3% hypohydrated, respectively. Subjects then completed a 25‐km time trial in the heat (33°C, 40% relative humidity; wind speed 32 kmh‐1) during which their starting hydration status was maintained by infusing saline at a rate equal to their sweat rate. The treatment was subject‐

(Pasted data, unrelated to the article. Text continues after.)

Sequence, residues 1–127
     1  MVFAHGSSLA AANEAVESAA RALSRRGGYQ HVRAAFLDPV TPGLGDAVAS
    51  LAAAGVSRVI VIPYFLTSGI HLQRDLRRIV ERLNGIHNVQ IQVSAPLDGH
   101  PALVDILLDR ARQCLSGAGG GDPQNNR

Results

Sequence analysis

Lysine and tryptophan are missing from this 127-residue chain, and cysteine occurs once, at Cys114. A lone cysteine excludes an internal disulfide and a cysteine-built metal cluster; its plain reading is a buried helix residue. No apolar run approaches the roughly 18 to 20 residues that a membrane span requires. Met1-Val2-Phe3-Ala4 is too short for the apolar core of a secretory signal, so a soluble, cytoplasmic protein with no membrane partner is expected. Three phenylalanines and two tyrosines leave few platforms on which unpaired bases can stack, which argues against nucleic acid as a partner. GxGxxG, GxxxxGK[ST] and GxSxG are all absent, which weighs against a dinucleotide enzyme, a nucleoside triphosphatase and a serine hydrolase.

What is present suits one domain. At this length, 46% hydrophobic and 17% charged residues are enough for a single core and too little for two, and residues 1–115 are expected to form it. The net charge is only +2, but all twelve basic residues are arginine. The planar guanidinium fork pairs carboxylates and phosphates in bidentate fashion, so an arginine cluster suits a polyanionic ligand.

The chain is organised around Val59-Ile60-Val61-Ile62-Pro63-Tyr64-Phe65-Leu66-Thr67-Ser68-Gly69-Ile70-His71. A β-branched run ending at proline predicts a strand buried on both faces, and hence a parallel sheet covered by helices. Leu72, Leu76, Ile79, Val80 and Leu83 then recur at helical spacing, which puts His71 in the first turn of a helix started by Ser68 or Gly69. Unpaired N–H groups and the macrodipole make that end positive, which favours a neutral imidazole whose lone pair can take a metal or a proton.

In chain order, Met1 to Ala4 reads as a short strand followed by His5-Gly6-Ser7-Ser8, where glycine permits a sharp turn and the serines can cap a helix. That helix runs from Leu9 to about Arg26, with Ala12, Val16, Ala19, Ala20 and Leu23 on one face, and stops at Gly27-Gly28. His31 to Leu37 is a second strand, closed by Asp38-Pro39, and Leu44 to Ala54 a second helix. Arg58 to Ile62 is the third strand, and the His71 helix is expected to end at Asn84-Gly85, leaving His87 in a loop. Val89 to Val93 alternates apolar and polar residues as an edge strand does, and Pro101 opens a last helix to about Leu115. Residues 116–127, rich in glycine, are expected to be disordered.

blinded and the order was randomised. Performance variables, heart rate, rectal temperature and perceptual variables were measured. While rectal temperature was modestly but significantly higher beyond 17 km of the time trial in the ‐3% vs. 0% conditions (38.91 ± 0.25°C vs. 38.61 ± 0.32°C; p<0.05), no other differences between trials were shown. Conclusion When well‐trained cyclists were blinded to their hydration status to ‐3% of body mass, little‐to‐no influence was found for their 25‐km cycling time trial performance or physiologic strain under field‐simulated conditions. In context, thirst stimulates drinking to limit dehydration beyond 3% – as evidenced, for example, by this level of dehydration being common across many sports, including ultra‐endurance sports. The study presented herein, along with the recent meta‐analyses by Goulet[1, 2], indicates that for well‐trained athletes engaging in competitive exercise, they need not be overly concerned with their hydration status, and should drink to thirst before and during exercise to maximise their performance. References 1. Goulet ED. Effect of exercise‐induced dehydration on time‐trial exercise performance: a meta‐analysis. Br J Sports Med. 2011 Nov;45(14):1149‐56. 2. Goulet EDB. Effect of exercise‐induced dehydration on endurance performance: evaluating the impact of exercise protocols on outcomes using a meta‐analytic procedure. Br J Sports Med. July 4, 2012 DOI: 10.1136/bjsports‐2012‐090958. 71 Proceedings of the 15th International Conference on Environmental Ergonomics, Queenstown (NZ), February 11‐15th, 2013 The affects of heat strain and dehydration on cognitive function Anne M.J. van den Heuvel1, Rodney J. Croft2, Benjamin J. Haberley1, David J.R. Hoyle1, Nigel A.S. Taylor1* 1 Centre for Human and Applied Physiology, University of Wollongong, Australia Centre for Psychophysics, Psychophysiology and Psychopharmacology, University of Wollongong, Australia *corresponding author: [email protected] 2 Introduction Many groups have investigated cognitive performance during hyperthermia and dehydration, with few demonstrating convincing and unequivocal influences. Some reports show neither thermal‐ nor hydration‐induced influences, others have found improved, whilst some report reduced cognitive performance. This confusion has arisen due to methodological limitations that have resulted in many previous experiments not being optimally designed to evaluate these effects. For instance, few studies have appropriately induced hyperthermia and dehydration, and then clamped these states during the cognitive challenge. Many investigators have used physical exercise to induce these states, yet exercise may independently affect cognitive performance. Furthermore, task difficulty has rarely been controlled across cognitive functions, with the difficulty level for many tasks being too low, whilst inter‐task comparisons have often been performed across different levels of difficulty. The former introduces bias, such that only performance decrements can be observed, whilst the latter renders it almost impossible to compare either the baseline data or subsequent changes in cognitive performance during altered thermal and hydration states. As a consequence of these limitations, our understanding of the affects of these stresses upon cognitive performance is less than optimal, and this study was designed to address these design limitations. Methods Eight physically active men participated in six experimental trials, delivered in a balanced order, and at intervals >7 d. Before every trial, pre‐experimental preparation ensured each subject was tested in a clamped thermal state (thermoneutral: mean body temperature: ~36.5oC; moderate hyperthermia: ~38.5oC), and at one of three hydration levels (euhydration: 0%; mild dehydration: 3%; moderate dehydration: 5%). These hydration states were then investigated at each level of thermal strain, resulting in six trials, with the control state being thermoneutral and euhydrated. Dehydration was achieved using intermittent, warm‐water immersion (39‐41oC: 2.5‐3.5 h), with the desired state maintained throughout the trial using controlled (isotonic) fluid administration. Thermal clamping, using a water‐perfusion garment, water bath and insulated clothing ensured sustainment of the target body temperatures. Hydration status was tracked throughout each trial via changes in semi‐nude mass, relative to the pre‐experimental body mass, which itself was the average of three consecutive daily measurements obtained from the mornings preceding each trial. Core temperature was derived as the mean of three site measurements: oesophagus, auditory canal and rectum. Skin temperatures were measured from eight sites (forehead, scapula, chest, upper arm, forearm, hand, thigh, calf), with mean skin temperature calculated as an area‐weighted average. All temperatures were recorded at 15‐s intervals. Mean body temperature was determined using temperature‐specific weightings of mean core (thermoneutral: 80%; hyperthermia: 90%) and mean skin temperatures. Three cognitive tasks were performed within each trial: (1) a visual perceptual task was administered at two levels of difficulty (easy and difficult); (2) a working memory (n‐back) task was delivered at a difficulty level approximately equal to that of the easy perceptual task; and (3) a 72 Proceedings of the 15th International Conference on Environmental Ergonomics, Queenstown (NZ), February 11‐15th, 2013 letter identification task was administered to evaluate the effect of these treatments on visual acuity, since this can confound data interpretation when cognitive tasks rely upon visual cues. These tasks were administered in a counterbalanced order, which was randomly assigned to each subject. The difficulty level used for each subject for the visual perceptual tasks was determined during a preliminary experimental session. The variables recorded and analysed from these tasks were performance accuracy (percentage of correct responses) and reaction time (ms). Data were analysed using factorial ANOVA, where the independent variables were thermal status (two levels) and hydration state (three levels), and the primary dependent variable was cognitive function, with task accuracy and reaction time being compared across trials. Results and Discussion The target hydration states (mass changes) were achieved within every trial: thermoneutral: ‐0.2% (SD 0.2), ‐3.1% (SD 0.2) and ‐5.1% (SD 0.2); moderate hyperthermia: ‐0.9% (SD 0.9), ‐3.3% (SD 0.3) and ‐5.1% (SD 0.5). Each of these states differed significantly from one another (F[2,14]=468.43, p<0.01), and there was no interaction between hydration and body temperature (p=0.14). Mean body temperature was clamped at each hydration level: 36.2o (SD 0.3), 36.2o (SD 0.3) and 36.4oC (SD 0.3) for the thermoneutral trials at 0%, 3% and 5% dehydration (respectively); and similarly at 38.4o (SD 0.3), 38.3o (SD 0.3) and 38.3oC (SD 0.3) for the moderate hyperthermia trials. These thermal states differed significantly (F[1,7]=600.35, p<0.01), and without an interaction between temperature and hydration (p=0.07). These outcomes were interpreted to mean that previous methodological limitations had been successfully overcome by manipulating and clamping both the thermal and hydration status of every subject prior to commencing each trial, and throughout the ensuing cognitive function tests. To distinguish between the influence of these treatments on these cognitive domains, the accuracy for the working memory and easy perceptual tasks from the thermoneutral, euhydrated trials were matched: 83.0% (SD 11.3) and 84.9% (SD 9.8), respectively. The fact that difficulty did not differ significantly verifies that the task difficulty manipulation was achieved successfully (t(7)=‐0.427, p=0.68). There were no indications of differences in accuracy for the letter identification task, as a function of the thermal (p=0.68) or hydration manipulations (p=0.46), or their interactions (p=0.31). Thus, the following cognitive performance changes occurred independently of variations in visual acuity. To evaluate the thermal and hydration effects on task difficulty, comparisons were made for both task accuracy and reaction time between the easy and difficult perceptual tasks, as a function of the thermal and hydration states. For performance accuracy, there was a main effect of difficulty level (F[1,7]=8.11, p=0.03), where accuracy was higher in the easy compared to the more difficult perceptual task (Figure 1), but there was no main effect for either temperature (p=0.18) or hydration (p=0.89), and no interaction (p=0.79). Furthermore, difficulty level did not interact with either temperature (p=0.56) or hydration (p=0.41), nor was the interaction between temperature and hydration state significant (p=0.55). For reaction time, there was a main effect of temperature (F[1,7]=29.88, p<0.01) , with faster reaction times generally being evident when subjects were hyperthermic (Figure 1), and there was also a main effect of hydration state (F[2,14]=7.36, p<0.01), such that reaction time was faster when 5% dehydrated relative to the euhydrated (p<0.01) and 3% dehydrated state (Figure 1; p=0.01). Similarly, difficulty level did not interact with either temperature (p=0.80) or hydration (p=0.83), nor the interaction of temperature and hydration (p=0.22). 73 Proceedings of the 15th International Conference on Environmental Ergonomics, Queenstown (NZ), February 11‐15th, 2013 Figure 1: The affect of temperature and hydration status on cognitive performance accuracy (left) and reaction time (right). Bars represent the six separate trials, with adjacent bars for thermoneutral (white) and hyperthermia (grey) at each of three hydration levels: euhydration (cross hatched), 3% (stippled) and 5% dehydration (horizontal). Data are means ± SEM. To evaluate the impact of these thermal and hydration states on cognitive task type (domain), comparisons were made for both performance accuracy and reaction time between the working memory task and easy‐perceptual tasks, as a function of these thermal and hydration states (Figure 1). For performance accuracy, there were no main effects for task type (p=0.58), temperature (p=0.11) or hydration state (p=0.52), and there were no significant interactions (all p>0.05). However, for reaction time, there was a main effect of temperature (F[1,7]=43.16, p<0.01), with slower reactions generally being observed when subjects were thermoneutral relative to the hyperthermic state (Figure 1), but there were no main effects for task type (p=0.06) or hydration level (p=0.08), and the interaction between temperature and hydration was not significant (p=0.13). Furthermore, there was no interaction between task type and either temperature (p=0.32) or hydration state (p=0.59), nor was the interaction between task type, temperature and hydration significant (p=0.21). Conclusions The main findings of this study were significantly faster reaction times when subjects were moderately hyperthermic (relative to the thermoneutral), and this was independent of both task difficulty and the cognitive domain. There was also an improvement in reaction time (perceptual tasks only) with increased dehydration. Furthermore, there was no evidence of a simultaneous decrease in accuracy within any of these comparisons. Thus, there was no trade‐off evident between speed and accuracy within these data, with subjects demonstrating improvement as a function of both increasing temperature and the level of dehydration. These observations imply that, under more rigidly controlled experimental conditions, neither mild dehydration nor mild hyperthermia appear to have adverse consequences for performance within these cognitive domains. 74 Proceedings of the 15th International Conference on Environmental Ergonomics, Queenstown (NZ), February 11‐15th, 2013 Thermoreceptors in the stomach region independently mediate transient sweating responses Nathan B. Morris1*, Anthony R. Bain1,2, Ollie Jay1 1